Thursday, July 27, 2006

Subtext - Back to the Future


Please allow me to introduce you to Miriam Paschal, an active member of TriggerStreet, celebrated “Reviewer of the Month,” and consummate writing machine who, at the time of this posting, has 6 scripts on TriggerStreet including The Gates of Hell, Rapture of the Fallen (an epic vampire story), Out of Nowhere (a twist on Jack the Ripper), and my personal favorite, An Unnatural Soldier, which was nominated for “Screenplay of the Month.” Soldier is the story about Sarah Morris who “put away her apron and took up a musket” in the Civil War.

Miriam is a woman so passionate about screenwriting that she actually times the scenes when she watches movies. Hehehe… How can you not love that? Her subtext example? Something off the top of her head – a scene from Back to the Future. She writes:


Lorraine's line, "Marty, you seem so nervous. Is anything wrong?" is on-the-nose, but Marty's line, "Because you might regret it...later in life" has quite a bit of sub-text. We've already seen that Lorraine will drink later in life, but Marty can't tell her that. He has a moral dilemma. The next line, "Everybody who's anybody drinks" is a set-up for the last part of this exchange, which is wordless. With a look of resignation, Marty takes a drink. He doesn't have to say anything. We can see that he's defeated in both his argument and his attempt to save his mother from alcoholism.

Here’s the scene as you see it in the movie:


EXT. HS PARKING LOT – NIGHT

Marty pulls Doc’s car into a parking spot.


INT. DOC’S CAR - NIGHT

Marty turns off the car. He adjusts his neck in his collar as he fixes his tie.

MARTY
Do you mind if we...park...for
awhile?

LORRAINE
That’s a great idea. I’d love to
park.

Marty’s head whips around.

MARTY
Huh?

Lorraine giggles and bats her eyes.

LORRAINE
Well, Marty, I’m almost eighteen
years old. It’s not like I’ve
never parked before.

MARTY
What?

LORRAINE
Marty, you seem so nervous. Is
something wrong?

Marty looks around and grabs the steering wheel. He stares straight ahead, out the window.

MARTY
No...no.

Lorraine glances around, brings out a bottle, and takes a drink. Marty glances at Lorraine and sees the bottle.

MARTY
Lorraine, Lorraine...

He grabs the bottle and pries it away from her mid-swig.

MARTY
...what are you doing?

LORRAINE
I swiped it from the old lady’s
liquor cabinet.

MARTY
Yeah, well...you shouldn’t drink.

LORRAINE
Why not?

MARTY
Because you might regret it...later
in life.

LORRAINE
Marty, don’t be such a square.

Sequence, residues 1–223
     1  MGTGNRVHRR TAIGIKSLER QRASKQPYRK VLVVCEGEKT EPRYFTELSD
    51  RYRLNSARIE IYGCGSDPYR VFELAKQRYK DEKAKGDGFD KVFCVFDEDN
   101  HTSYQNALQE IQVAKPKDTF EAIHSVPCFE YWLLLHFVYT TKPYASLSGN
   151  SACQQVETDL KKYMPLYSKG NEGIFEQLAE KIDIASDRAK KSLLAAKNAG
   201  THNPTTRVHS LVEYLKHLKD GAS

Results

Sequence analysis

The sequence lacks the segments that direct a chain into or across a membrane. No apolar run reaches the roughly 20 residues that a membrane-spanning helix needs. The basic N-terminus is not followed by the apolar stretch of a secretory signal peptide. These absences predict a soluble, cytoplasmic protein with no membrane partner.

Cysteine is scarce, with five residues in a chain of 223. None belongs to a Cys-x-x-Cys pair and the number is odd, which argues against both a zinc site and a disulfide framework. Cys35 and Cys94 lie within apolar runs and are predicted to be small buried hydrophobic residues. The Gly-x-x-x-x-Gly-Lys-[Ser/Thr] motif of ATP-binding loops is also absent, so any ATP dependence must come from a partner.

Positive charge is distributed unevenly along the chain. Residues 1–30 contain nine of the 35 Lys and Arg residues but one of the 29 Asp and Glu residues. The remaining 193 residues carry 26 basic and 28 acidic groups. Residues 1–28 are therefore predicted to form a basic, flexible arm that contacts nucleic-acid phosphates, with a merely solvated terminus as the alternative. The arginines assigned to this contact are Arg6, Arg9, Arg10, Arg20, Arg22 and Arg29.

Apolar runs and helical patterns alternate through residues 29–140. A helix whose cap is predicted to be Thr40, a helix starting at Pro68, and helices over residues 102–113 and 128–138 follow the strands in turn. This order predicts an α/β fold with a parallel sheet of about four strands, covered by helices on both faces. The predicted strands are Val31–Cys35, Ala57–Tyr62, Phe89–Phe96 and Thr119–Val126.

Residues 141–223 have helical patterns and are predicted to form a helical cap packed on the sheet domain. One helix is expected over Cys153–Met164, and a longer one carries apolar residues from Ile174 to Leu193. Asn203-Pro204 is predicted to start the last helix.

Everybody who’s anybody drinks.

Marty, with a look of resignation, takes a drink himself. Out of the corner of his eye, he sees Lorraine light up a cigarette and does a spit-take.

MARTY
Jesus, you smoke too?

LORRAINE
Marty, you’re beginning to sound
just like my mother.


Here’s a bonus, something to fry your mind. Here’s how the scene was originally written. Consider how the scene was shortened. Consider all the lines that were cut…


EXT. SCHOOL PARKING LOT - NIGHT

Brown’s Packard pulls into the lot and parks.


INT. PACKARD - SAME

Marty, at the wheel, is very uneasy; Lorraine next to him looks beautiful in her best party dress. Marty glances at the clock on the dashboard. It’s 8 minutes before 9.

MARTY
Uh, you don’t mind if we, uh, park
for a few minutes?

LORRAINE
Why do you think I’d mind?

MARTY
Well, I don’t know, some girls just
don’t like to...

LORRAINE
Marty, I’m almost 18 years old.
It’s not like I’ve never parked
before.

She scoots over, very close to him. Marty fidgets. Boy, is he nervous!

LORRAINE
You seem nervous, Marty. Is
anything wrong?

MARTY
Uh, no...

LORRAINE
Have some of this - it’ll help you
relax.

She pulls a pint of gin out of her purse. Marty is shocked.

MARTY
What are you doing with that?

LORRAINE
I swiped it from the old man’s
liquor cabinet.

She takes a nip.

MARTY
Lorraine, you shouldn’t drink!

LORRAINE
Why not?

MARTY
Well, it’s just not healthy.

LORRAINE
Don’t be square, Marty. Everybody
who’s anybody does it.

She hands it to him.

MARTY
Maybe I could use a hit...

Just as he takes a swig, she pulls out a pack of cigarettes and lights up. Marty spits out the gin in surprise.

MARTY
Jesus - you smoke too?

LORRAINE
Now, Marty, you’re not going to
tell me that smoking is unhealthy.
Everyone knows that it calms your
nerves and it’s good for the
circulation.

MARTY
It’ll give you cancer!

LORRAINE
You know, you sound just like my
mother. When I have kids, I’m gonna
let them do anything they want.
Anything.

MARTY
I’d sure like to have that in
writing.

The comment goes right past Lorraine.

LORRAINE
So what are your parents like? Are
they as square as mine?

MARTY
Lorraine, lately I’ve come to the
conclusion that I don’t know
anything about them.

4 comments:

Rumour said...

ahhh back to the future, makes me thing about my micheal j. fox book cover i had in school.

The Moviequill said...

wwo, that was great to read the two scenes together like that, thanks

wcdixon said...

I know you've moved on to Mel now, but I've been mulling this Back To Future scene and think its more an example of dramatic irony than it is subtext. Marty (and we the viewer) already know the future, what will be...etc.

Mystery Man said...

Hey, wcdixon,

That's a good point. Ya know, as a whole, I agree that the scene really is dramatic irony.

But that little touch of Marty taking that drink spoke volumes, too. In essence it meant, "I give up. I've been defeated in my attempt to save my mother from alcoholism." It's a poignant wordless moment that said a lot to the audience. He tried. She won't even consider what he's trying to tell her. He takes a drink.

I love it.

-MM